The Bharatiya Janata Party (BJP) has decided to make inroads into the areas dominated by Maratha and Muslim communities to expand its electoral base in Maharashtra. On the first day of the two-day state BJP executive meeting that commenced Wednesday, the party deliberated that it should focus on the untapped segments and constituents.
“Prime Minister Narendra Modi’s call on ‘New India’ and Chief Minister Devendra Fadnavis’s ‘Modern Maharashtra’ mantra will be the central theme of our conclave,” a senior BJP functionary told The Indian Express.
The conclave that started in the backdrop of serious corruption charges against state BJP president Raosaheb Danve and Housing Minister Prakash Mehta is unlikely to see any action against the leaders.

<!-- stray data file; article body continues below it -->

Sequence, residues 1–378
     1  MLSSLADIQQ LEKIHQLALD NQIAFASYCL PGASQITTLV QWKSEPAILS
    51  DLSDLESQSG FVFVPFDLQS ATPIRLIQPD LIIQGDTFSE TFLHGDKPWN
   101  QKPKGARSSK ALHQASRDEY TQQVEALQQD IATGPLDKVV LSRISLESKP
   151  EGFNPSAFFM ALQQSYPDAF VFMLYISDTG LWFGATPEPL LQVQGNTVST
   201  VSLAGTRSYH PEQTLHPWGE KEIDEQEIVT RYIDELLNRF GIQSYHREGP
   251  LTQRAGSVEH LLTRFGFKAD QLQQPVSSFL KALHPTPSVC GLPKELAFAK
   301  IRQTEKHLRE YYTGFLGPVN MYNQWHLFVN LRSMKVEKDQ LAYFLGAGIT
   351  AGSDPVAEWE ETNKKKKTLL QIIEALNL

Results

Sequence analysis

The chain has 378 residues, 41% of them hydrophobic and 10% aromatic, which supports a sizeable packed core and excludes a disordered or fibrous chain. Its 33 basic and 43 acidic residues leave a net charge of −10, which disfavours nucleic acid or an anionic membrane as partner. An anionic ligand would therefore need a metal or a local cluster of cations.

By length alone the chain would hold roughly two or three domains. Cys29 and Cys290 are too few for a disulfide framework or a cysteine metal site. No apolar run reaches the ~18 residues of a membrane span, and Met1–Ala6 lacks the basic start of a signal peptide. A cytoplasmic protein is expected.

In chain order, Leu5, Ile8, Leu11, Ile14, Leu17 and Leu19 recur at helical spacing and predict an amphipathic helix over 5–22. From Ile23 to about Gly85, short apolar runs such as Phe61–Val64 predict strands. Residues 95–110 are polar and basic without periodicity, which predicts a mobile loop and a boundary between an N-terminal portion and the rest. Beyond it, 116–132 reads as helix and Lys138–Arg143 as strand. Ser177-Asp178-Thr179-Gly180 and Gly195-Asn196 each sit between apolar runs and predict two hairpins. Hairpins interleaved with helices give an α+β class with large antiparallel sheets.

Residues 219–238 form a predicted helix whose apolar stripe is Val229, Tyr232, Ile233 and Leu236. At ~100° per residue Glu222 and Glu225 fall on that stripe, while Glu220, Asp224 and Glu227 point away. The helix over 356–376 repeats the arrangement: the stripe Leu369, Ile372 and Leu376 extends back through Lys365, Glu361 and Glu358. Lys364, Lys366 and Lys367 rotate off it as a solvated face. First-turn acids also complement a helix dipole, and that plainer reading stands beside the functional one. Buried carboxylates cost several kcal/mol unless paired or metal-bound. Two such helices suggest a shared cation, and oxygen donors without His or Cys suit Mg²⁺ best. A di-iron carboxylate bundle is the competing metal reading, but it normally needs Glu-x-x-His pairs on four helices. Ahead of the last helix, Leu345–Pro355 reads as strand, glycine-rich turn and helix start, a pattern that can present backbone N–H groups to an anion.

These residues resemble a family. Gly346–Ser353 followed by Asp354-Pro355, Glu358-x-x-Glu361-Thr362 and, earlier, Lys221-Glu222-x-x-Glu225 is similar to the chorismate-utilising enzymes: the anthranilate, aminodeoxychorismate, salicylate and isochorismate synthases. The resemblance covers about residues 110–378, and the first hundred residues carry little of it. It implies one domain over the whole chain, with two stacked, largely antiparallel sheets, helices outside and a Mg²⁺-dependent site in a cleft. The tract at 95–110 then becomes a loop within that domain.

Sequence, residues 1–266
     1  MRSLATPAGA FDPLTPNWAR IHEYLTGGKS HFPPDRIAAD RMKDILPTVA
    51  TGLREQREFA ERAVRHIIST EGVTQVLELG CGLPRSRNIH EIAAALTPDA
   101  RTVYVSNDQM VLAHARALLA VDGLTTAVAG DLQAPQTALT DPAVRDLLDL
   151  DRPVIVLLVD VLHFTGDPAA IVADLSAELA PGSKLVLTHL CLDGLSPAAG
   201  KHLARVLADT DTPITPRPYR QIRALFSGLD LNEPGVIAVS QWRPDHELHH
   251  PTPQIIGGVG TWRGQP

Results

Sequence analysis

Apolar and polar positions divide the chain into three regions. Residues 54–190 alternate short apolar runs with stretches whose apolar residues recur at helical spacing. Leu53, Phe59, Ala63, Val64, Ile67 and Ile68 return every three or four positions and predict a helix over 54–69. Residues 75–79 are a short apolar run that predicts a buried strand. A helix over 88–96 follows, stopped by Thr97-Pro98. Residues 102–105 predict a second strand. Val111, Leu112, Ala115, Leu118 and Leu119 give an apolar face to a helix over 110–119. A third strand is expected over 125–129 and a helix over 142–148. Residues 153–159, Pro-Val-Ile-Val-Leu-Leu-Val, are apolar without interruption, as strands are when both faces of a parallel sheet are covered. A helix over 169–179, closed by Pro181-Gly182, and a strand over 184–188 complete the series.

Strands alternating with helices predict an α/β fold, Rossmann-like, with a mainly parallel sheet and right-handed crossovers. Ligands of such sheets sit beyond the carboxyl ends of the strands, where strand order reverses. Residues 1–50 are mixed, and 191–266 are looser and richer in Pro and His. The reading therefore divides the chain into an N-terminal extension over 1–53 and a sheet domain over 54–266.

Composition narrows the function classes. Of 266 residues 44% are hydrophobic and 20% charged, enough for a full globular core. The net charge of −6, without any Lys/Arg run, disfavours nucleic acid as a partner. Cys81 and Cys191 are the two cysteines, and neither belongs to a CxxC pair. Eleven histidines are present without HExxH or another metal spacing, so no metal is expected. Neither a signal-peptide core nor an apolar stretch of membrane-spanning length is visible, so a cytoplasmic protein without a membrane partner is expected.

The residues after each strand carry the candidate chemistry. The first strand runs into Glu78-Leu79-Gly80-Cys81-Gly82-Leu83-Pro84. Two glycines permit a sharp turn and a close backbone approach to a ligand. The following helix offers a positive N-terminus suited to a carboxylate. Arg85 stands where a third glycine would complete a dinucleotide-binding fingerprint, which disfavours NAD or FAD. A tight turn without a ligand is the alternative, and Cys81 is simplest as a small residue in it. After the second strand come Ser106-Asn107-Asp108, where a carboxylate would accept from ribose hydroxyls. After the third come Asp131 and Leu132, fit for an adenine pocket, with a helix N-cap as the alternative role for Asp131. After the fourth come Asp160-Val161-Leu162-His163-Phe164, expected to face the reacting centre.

According to political managers in the party, the central leadership of the BJP is seized of the matter. “The chief minister had ordered a probe. If the report shows they are guilty, action will be taken at an appropriate time,” said a leader.
Senior BJP leader Eknath Khadse, who was removed from state cabinet following allegations of impropriety, has been demanding to be absolved of the charges if there is no action against others facing similar cases. At its internal party meeting, a decision had been taken not to allow the conclave to become a forum for discussing individual cases.
The political managers said the meeting would not “deviate from the stated agenda of developmental politics emphasising on inclusive growth”.
“At the end of the 58th and last Maratha rally, the state government extended Rs 800-crore sops in various educational schemes — similar to the ones enjoyed by the OBCs — to the community. The government has also provided sops in the education sector to various economically backward people within the minorities,” said a party leader.